In a world wallpapered with regulation, big companies can't avoid brushing up against the law from time to time. They inevitably hire a small cadre of people who cut corners, ignore procedures, and make deals with the devil. That's why managers are grateful for so-called attorney-client privilege -- the bedrock principle that forbids lawyers to reveal confidential communications with their customers. It's an essential component of our adversarial system -- a pledge that executives can confide in their lawyers and develop the best defense possible without fear that sensitive or incriminating secrets will leak out.
But now, this cornerstone of the American legal system is under attack. Angered by evidence that lawyers helped white-collar criminals rip off shareholders, the feds and the courts are starting to shoot new holes in the rule. In January, the Justice Dept. hinted that it would go easier on companies under investigation if they waived the privilege. In June, the Internal Revenue Service went to court to force the Dallas firm Jenkens & Gilchrist to name clients who used tax shelters that the agency is investigating. This fall, the Securities & Exchange Commission will begin weighing a proposal that could force lawyers who suspect wrongdoing, and can't make the company stop it, to resign publicly from a company's service -- a process known as "noisy withdrawal." Even the American Bar Assn. is ceding ground. On Aug. 11, in a divided vote, the ABA altered its ethics rules to allow lawyers to turn in their law-breaking clients.
All of this raises a scary question: Can you trust your lawyer with your secrets anymore? For the majority of executives, the answer is yes. Most of the day-to-day questions that executives ask about sexual harassment, workplace safety, intellectual property, and pollution regulations will remain as confidential as ever. But if you are implicated in the wrongdoing -- especially if a hot topic like tax evasion or securities fraud is involved -- then watch out. A new day has dawned. Your words may come back to haunt you in court. "Clients have to be aware that they are at very high risk of enforcement," says Keith Bishop, formerly California's top securities regulator and now a partner at Buchalter, Nemer, Fields & Younger in Los Angeles.
This is not entirely bad news. Rather than looking the other way when managers misbehave, lawyers are being called upon to be a moral compass for their clients, steering them through the gray area between aggressive practices and outright fraud -- and blowing the whistle when necessary. "It will force lawyers to take the blinders off," says Susan J. Hackett, general counsel of the American Corporate Counsel Assn.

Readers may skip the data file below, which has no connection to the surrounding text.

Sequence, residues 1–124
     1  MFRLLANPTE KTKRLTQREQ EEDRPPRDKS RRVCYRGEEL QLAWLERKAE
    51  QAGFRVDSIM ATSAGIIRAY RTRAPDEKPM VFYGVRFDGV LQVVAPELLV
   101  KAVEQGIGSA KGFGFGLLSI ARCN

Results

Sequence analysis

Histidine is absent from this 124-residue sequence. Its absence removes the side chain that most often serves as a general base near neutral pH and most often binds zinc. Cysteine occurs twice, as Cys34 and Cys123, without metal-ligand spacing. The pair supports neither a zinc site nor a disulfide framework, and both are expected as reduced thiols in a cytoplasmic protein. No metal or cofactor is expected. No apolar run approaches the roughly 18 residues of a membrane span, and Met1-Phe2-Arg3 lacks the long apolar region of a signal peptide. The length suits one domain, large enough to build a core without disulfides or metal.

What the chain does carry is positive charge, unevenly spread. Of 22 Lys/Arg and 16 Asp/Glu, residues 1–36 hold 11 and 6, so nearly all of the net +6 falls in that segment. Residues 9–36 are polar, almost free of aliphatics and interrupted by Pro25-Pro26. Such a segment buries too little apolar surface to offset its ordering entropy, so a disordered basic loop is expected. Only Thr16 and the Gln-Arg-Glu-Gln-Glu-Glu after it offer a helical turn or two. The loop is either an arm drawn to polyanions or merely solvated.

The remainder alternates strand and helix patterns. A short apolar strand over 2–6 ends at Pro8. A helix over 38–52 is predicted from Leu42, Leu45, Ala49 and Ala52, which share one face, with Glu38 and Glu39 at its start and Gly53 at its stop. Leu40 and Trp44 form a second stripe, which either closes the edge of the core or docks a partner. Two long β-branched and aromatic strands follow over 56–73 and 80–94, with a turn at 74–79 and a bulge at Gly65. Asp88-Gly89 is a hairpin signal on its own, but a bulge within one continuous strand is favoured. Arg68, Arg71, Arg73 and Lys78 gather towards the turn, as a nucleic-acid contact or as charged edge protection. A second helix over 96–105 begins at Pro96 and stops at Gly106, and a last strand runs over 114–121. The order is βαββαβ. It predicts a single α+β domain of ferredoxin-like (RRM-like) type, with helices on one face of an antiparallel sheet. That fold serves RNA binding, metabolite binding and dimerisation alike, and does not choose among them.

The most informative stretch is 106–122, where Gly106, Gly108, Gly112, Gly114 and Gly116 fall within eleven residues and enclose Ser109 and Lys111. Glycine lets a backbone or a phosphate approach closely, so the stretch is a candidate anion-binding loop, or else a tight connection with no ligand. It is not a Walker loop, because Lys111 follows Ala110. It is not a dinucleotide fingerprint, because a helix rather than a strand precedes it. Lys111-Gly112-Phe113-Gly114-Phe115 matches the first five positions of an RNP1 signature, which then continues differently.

But clearly, executives are going to have to tread more carefully with their attorneys. One area where the impact of the new assault will be felt is independent investigations conducted by outside lawyers after a company gets into hot water -- such as the one Wilmer, Cutler & Pickering performed for Enron (ENRNQ) Corp.'s directors last year. While such probes were once off limits to federal prosecutors, investigators now target them as an easy source of information. The idea behind the policy shift: If Justice can get companies to turn over their own internal investigations, then prosecutors won't have to spend as much money probing white-collar wrongdoers.
Defense lawyers complain that Justice requests for waivers of attorney-client privilege are becoming more routine. That means that executives who cooperate with internal investigations may be putting themselves at risk -- a development that is likely to undermine future corporate probes. "The witness understands that he's basically speaking to the government," says former U.S. Deputy Attorney General Eric H. Holder Jr. "You're no longer the lawyer for the corporation. You are, in the view of the witness, an agent for the government."
Hoping to fend off further assault against the attorney-client privilege, the ABA has made a preemptive strike. After heated debate, the bar's delegates voted to rewrite their code of professional conduct. The new guidelines allow -- but do not require -- attorneys to break confidence with a client and report possible corporate fraud to law-enforcement officials. The move is in part an effort to show that the profession can police itself and that the SEC and the Justice Dept. need not attack the privilege. SEC Commissioner Harvey J. Goldschmid calls the ABA vote "constructive." Nevertheless, he asks, "should lawyers have less responsibility than corporate auditors and independent directors?" Both groups are required to report cases of securities fraud or embezzlement.
That's a good question. Attorney-client privilege -- like property rights, free speech, and due process -- has never been an absolute. It is an important value that must be weighed against other values. As the corporate crime wave illustrates, privilege has plenty of potential for abuse. Now it is being scaled back a bit. But unless you have really pushed the boundaries of the law, you can still trust your attorney. By Lorraine Woellert
With Paula Dwyer in Washington